Someone please clairify education....

  1. Hi. I'm new to this board. I'm 35 (ugh) and just starting ADN classes. I have a plan spread out on paper as to my classes and timeline to actually get into CRNA school. My plan is over 6 years. However, am I to assume that I could possibly work in critical care after I get my RN, while at the same time getting my BSN and have that work experience count towards the requirement for crna school? (I know, it's like a rock fell out of the sky) I just always had it in my head - RN-BSN-work for 1 year to get into crna school-apply-then finish. But actually, hmmmmmm. This could really cut my time down. I'm in Northern Ohio and the requirements for crna schools around here are 1 year critical care experience. Does it matter what comes first - BSN or work experience? Both at the same time?
    Thanks for your help!! (yeh, i know i'm old)
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  2. 6 Comments

  3. by   tlt24
    I'm am also hoping to pursue the same route. I am 28 and will be starting ADN school next fall...you know all those prereq's had to get done. Then I planned to work while doing the RN-BSN through our local university's online program they offer, less time you have to put in the classroom.

    Anyway, I would be very interested in hearing other people's paths to this goal.
  4. by   lgcv
    The experience you get as an ADN will count toward the year. There is no reason to work another year before you apply. Have fun and good luck!
  5. by   adnstudent
    I am starting the ADN program in Fall 2002 and plan on working ICU or a fast-paced ER while getting my BSN. It is a two-year program that only requires one day of classes. I hear it is not as intense as nursing school. Luckily, nursing schedules are quite flexible as for working in with a school schedule. Although, to get a master's in anaesthesiology you do have to give up work for two years...so I hear. Good luck!
  6. by   kelycrna
    Dantedressage,

    It doesn't matter where or when you recieved your one year critical care experience. You should be working there now and gaining as much experience as possible.

    Really, the final say comes from your personal interview...it's grueling and it's actually like a verbal boards type thing. However, if you really do well and know your business, sell yourself as the best, the interviewers will want you in regardless of how you went about it.

    Get your ICU experience now & continue to work there until you quit, or if you want a change, switch to PACU after you have strong ICU experience...PACU experience is another plus because your already familiar with dealing the P/O complications of anesthesia, it's one on one usually, your used to the drugs etc...don't eliminate that possibility, especially good if your hospital recovers the critical care patients....Good luck & I hope to see you in the CRNA world soon.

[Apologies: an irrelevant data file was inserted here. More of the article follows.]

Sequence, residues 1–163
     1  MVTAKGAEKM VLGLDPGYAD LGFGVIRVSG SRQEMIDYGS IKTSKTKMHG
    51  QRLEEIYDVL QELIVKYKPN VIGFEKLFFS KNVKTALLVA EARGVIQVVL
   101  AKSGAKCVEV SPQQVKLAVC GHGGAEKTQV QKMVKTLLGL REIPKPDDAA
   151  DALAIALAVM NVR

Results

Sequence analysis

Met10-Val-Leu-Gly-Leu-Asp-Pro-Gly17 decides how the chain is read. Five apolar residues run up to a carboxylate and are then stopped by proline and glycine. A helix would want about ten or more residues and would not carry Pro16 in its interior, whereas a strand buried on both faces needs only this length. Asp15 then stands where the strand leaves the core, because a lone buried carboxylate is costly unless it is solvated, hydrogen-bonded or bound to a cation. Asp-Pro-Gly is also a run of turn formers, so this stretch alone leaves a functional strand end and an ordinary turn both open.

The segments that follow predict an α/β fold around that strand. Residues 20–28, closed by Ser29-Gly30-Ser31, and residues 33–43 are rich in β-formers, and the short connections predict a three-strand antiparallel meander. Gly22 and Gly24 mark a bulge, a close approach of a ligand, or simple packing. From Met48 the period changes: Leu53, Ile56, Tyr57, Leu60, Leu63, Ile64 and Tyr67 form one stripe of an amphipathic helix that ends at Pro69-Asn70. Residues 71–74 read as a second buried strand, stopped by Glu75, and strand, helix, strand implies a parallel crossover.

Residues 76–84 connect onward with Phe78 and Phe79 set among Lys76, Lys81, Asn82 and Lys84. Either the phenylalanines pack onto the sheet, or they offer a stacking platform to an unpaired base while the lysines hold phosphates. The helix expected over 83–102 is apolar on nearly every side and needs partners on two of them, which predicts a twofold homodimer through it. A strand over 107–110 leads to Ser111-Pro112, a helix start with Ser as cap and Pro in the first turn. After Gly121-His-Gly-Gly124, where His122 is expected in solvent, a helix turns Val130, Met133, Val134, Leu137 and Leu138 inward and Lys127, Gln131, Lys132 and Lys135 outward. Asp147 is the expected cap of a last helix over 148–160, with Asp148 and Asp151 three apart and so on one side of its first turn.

7. by   jperry25
    Kelycrna, just curious where you went to school, how long you've been a CRNA, etc. Do you have any words of wisdom for a nursing student graduating in May interested in nurse anesthesia. How much more difficult is anesthesia school compared to nursing school, or is there a comparison. What was the hardest part about the didactic part and clinical part of school? I'd appreciate your insights. Thanks!!
  8. by   kelycrna
    jperry25,

    I recieved my anesthesia training at Texas Wesleyan Univ. in Ft. Worth, TX. Our didactics lasted apprx 12 mo. then we had about 15 mo. residency training at various clinical sites.

    I graduated at the end of 1995 and was never so happy to be finished! It was the most grueling 2 two years for many of us in my program. In my opinion it's more comparable to medical training rather than a nursing school training. I say this simply because at times I was trained right along side an anesthesia medical resident, we were expected to know the same stuff.

    Concerning didactics, the most difficult subject for me was the advanced phisiology, our professor expected us to know that stuff inside & out, the tests were very difficult. Regarding clinicals, the most difficult part is stepping into clinicals well trained in ICU yet your experience means nothing, you are treated as if you know nothing...you must get past your pride and go with the flow. Your mentors are the boss regardless of what you know and you will be more accepted if you carry an attitude of enthusiasm and willingness to learn even the most basic concepts.

    Strong skills for a CRNA includes vigilance, organization, prioritizing your tasks, being able to conceptualize and think abstractly. Remember you don't want to just be a technician in anesthesia, but rather you must know why your doing something or be able to back it up with reasoning, studies & research.

    Lastly, begin working right away in a busy ICU after you graduate nursing school. If you are considered for a CRNA program they will want you to come for an oral interview. Be sure and brush up on your ICU skills because you will be asked many questions during this interview concerning ventilatory, circulatory & pharmacological concepts. Anything you DO in ICU is fair game for them to ask and they expect you to know not only HOW to do something but WHY your doing it. Oh BTW, a little brown nosing doesn't hurt either!!! LOL

    Good luck!

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